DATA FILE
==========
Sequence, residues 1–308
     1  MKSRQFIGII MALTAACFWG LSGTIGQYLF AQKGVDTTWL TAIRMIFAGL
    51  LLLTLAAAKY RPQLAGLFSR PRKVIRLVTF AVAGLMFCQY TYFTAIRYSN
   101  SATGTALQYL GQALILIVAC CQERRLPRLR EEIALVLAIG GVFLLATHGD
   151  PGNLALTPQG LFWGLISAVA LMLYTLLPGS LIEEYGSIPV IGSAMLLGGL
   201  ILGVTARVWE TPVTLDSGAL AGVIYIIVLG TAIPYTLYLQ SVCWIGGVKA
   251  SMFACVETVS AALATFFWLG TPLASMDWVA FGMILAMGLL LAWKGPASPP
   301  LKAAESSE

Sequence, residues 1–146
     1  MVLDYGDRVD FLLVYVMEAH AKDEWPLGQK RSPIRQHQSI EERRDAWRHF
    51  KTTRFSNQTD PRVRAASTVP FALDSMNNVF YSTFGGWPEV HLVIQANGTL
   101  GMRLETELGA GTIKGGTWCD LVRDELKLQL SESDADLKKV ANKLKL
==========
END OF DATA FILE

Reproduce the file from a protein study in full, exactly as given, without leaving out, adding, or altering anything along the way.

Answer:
Sequence, residues 1–308
     1  MKSRQFIGII MALTAACFWG LSGTIGQYLF AQKGVDTTWL TAIRMIFAGL
    51  LLLTLAAAKY RPQLAGLFSR PRKVIRLVTF AVAGLMFCQY TYFTAIRYSN
   101  SATGTALQYL GQALILIVAC CQERRLPRLR EEIALVLAIG GVFLLATHGD
   151  PGNLALTPQG LFWGLISAVA LMLYTLLPGS LIEEYGSIPV IGSAMLLGGL
   201  ILGVTARVWE TPVTLDSGAL AGVIYIIVLG TAIPYTLYLQ SVCWIGGVKA
   251  SMFACVETVS AALATFFWLG TPLASMDWVA FGMILAMGLL LAWKGPASPP
   301  LKAAESSE

Sequence, residues 1–146
     1  MVLDYGDRVD FLLVYVMEAH AKDEWPLGQK RSPIRQHQSI EERRDAWRHF
    51  KTTRFSNQTD PRVRAASTVP FALDSMNNVF YSTFGGWPEV HLVIQANGTL
   101  GMRLETELGA GTIKGGTWCD LVRDELKLQL SESDADLKKV ANKLKL